Twenty Soldiers From Vimy Ridge (Part 1)

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Beginning on April 9, the first day of the Battle of Vimy Ridge, and continuing until April 12, the last day of the battle, I will be looking at people from across Canada who fought, lived, were injured and died at the iconic battle.
Each post will feature several individuals, all of whom had an impact on the battle. We will look at their lives before, during and after the battle.

Guy Foster

Guy Foster when he returned to Vimy Ridge in 1936.

Born in 1886 in Southampton, England, Guy Foster came to Canada with his father Frank and his brother Harold, at the age of 18 in 1904. Filing for a homestead next to his father in the Long Lake District, the entire family lived at the home of Frank Binnie for the first summer until they had built their house.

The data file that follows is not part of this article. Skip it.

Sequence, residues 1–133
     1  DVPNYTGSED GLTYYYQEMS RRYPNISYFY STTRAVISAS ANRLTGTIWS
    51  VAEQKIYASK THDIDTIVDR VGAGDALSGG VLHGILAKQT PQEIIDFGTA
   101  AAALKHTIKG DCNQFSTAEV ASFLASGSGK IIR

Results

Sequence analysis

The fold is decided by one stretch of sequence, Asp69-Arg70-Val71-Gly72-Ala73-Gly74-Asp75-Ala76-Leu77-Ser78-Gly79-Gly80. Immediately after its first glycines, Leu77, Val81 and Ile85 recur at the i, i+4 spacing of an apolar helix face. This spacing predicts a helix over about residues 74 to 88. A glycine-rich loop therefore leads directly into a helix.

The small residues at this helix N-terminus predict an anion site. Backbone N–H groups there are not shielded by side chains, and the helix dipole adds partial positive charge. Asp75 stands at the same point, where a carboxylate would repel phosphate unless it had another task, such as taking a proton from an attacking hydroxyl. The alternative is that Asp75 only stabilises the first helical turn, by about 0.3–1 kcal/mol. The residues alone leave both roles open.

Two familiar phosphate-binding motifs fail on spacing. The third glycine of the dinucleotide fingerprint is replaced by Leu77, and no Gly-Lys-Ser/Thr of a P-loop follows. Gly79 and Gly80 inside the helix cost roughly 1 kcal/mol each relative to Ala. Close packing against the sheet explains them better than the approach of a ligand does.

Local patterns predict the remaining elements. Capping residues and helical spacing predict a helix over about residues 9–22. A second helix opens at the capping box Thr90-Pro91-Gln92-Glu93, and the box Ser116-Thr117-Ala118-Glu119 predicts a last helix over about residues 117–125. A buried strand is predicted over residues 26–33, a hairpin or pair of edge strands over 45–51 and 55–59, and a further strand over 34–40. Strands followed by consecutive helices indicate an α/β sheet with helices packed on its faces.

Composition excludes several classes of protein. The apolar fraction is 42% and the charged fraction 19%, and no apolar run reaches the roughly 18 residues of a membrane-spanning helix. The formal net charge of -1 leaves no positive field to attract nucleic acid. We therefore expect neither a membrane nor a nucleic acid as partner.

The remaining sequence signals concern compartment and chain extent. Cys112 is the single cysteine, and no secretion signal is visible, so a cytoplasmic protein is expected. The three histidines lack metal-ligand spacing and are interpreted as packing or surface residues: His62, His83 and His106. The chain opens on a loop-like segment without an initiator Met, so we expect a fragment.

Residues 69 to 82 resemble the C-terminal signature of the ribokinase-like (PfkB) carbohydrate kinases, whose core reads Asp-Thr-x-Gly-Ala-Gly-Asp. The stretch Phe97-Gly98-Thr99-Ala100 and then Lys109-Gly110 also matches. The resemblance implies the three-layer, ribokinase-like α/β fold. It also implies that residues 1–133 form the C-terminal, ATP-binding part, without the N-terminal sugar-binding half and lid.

During thew cold winter, Guy went to work at a blacksmith shop on the railroad, which at the time was being built west through the mountains.
The family did well with farming, and in 1908 were able to purchase a Bell City steam engine to do grain chopping throughout the district. In 1911, they upgraded to a Case steam engine.
In 1910, his mother and youngest sister came from England to join the rest of the family at the new homestead. Guy’s two other sisters would not arrive until later.
In 1914, both Guy and Harold enlisted in the army to fight overseas in the First World War. While they were away, their father farmed five quarters of land, including theirs.
On April 9, 1917, Guy was wounded and left completely blind during the battle of Vimy Ridge. His brother Harold would be killed at Passchendaele that same year.